United States presidential election
An Electoral College member attempts a difficult "fungee."
Presidents of the United States of America are elected via highly competitive games of Drimmel, a field sport wherein two teams of twenty players each attempt to get a small ball, known as a "ballot," into their opponent's goal, called an "Executive Braunch." Along with points scored for goals, additional points are awarded to teams completing complicated plays, such as fungees, willans, and watergates.
Two major leagues - Democrats and Republicans - have dominated the elections for the past several decades. Other smaller leagues, such as the Independents, have fielded teams in the past, but seldom have the skills, financial resources or broad popular appeal to last to the championships.
Teams feature players from all over the United States. Finalists and all-star team members are determined through a series of smaller state-focused contests, known as "primaries." A common feature of the primaries are "debates," in which top players from each league compete against each other and members of other leagues in front of a television audience.
The championships, sometimes called "November Madness," involve a nationwide, head-to-head contest between the best teams in each league. Points are gained in proportion to the size and population density of each state, and these are then tabulated by a group of 9 judges appointed by the current champs. Recent elections have called the fairness of this rule into question, but changing any election rule is a long and complicated process with little chance of success.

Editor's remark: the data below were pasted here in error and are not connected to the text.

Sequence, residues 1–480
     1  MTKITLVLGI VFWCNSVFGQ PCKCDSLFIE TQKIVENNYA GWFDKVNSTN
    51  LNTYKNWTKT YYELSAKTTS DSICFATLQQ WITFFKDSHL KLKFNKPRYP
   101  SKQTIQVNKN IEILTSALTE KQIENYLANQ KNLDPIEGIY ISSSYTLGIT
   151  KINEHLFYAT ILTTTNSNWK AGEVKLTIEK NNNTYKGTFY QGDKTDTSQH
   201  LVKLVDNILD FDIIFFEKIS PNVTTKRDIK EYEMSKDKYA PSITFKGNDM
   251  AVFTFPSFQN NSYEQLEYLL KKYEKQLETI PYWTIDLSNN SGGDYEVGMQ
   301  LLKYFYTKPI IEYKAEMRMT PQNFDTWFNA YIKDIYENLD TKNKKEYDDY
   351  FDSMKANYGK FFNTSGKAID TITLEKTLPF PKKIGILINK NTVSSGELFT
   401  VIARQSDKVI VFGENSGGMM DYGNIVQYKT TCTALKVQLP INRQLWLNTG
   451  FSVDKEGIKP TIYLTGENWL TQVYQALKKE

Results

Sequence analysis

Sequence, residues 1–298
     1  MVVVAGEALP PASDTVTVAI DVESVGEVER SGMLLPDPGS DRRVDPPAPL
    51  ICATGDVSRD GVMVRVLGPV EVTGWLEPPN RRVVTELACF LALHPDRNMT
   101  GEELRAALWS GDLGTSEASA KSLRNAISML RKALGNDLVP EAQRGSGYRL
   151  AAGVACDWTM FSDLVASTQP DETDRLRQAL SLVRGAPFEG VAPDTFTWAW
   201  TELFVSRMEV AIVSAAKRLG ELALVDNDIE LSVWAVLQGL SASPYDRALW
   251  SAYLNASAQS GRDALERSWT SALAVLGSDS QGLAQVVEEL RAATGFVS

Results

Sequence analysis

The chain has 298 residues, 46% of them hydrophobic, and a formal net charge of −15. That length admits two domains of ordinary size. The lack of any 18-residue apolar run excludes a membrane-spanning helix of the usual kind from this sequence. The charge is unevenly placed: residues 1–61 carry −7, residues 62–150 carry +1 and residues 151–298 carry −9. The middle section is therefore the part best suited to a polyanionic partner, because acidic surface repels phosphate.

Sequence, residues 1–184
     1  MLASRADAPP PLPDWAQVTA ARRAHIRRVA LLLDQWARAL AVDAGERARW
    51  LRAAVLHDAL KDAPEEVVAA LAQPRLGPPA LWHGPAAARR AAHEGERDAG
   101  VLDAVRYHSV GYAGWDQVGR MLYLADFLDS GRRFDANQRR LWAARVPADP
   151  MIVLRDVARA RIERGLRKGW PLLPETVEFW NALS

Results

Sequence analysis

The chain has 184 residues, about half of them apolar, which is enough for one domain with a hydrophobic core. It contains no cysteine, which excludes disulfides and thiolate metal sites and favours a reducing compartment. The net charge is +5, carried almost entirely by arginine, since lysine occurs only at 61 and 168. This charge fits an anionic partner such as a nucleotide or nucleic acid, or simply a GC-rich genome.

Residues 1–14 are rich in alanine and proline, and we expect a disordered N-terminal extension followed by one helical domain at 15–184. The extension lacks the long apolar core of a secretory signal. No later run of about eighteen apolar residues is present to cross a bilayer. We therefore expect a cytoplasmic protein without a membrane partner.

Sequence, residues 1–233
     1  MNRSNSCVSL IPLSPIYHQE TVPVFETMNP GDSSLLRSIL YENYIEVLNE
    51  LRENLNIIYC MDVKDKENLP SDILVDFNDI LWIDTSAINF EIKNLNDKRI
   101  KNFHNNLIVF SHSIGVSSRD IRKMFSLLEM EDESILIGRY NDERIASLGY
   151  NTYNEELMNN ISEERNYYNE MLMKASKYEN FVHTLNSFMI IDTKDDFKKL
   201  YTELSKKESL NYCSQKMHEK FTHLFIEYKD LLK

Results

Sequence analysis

If the incumbent president's name is George W. Bush, he can get another, oh, five thousand terms.
Proposed Alternatives to the Current System
- In 1824, Henry Clay suggested that the Presidency be decided by "I'm thinking of a number between 1 and 100..." It was rejected by Congress on the grounds that most presidential candidates have trouble counting.
- Ralph Nader proposed a system in which the candidate who has written the most books entitled "Unsafe at any Speed" will be elected. But nobody listens to Ralph Nader.
- Senator John Kerry (Also known by his rapper name, "D-Mass") decided that an arm-wrestling competition among the electoral college would be the best way to decide. Then he changed his mind and voted against his own proposal in favor of banishing the electoral college. Then he decided to vote for increased funding for the electoral college. Then he resigned to run for President again. Then he decided he didn't want to run for President and tried to repeal his resignation, after he had already voted both for and against a measure which made resignations permanent. Then he got shot by Dick Cheney. The End.
|United States Presidential Elections|
|1800 • 1840 • 1948 • 1960 • 2008 |
See also: HowTo:Win a Presidential Election in the USA • Political advertising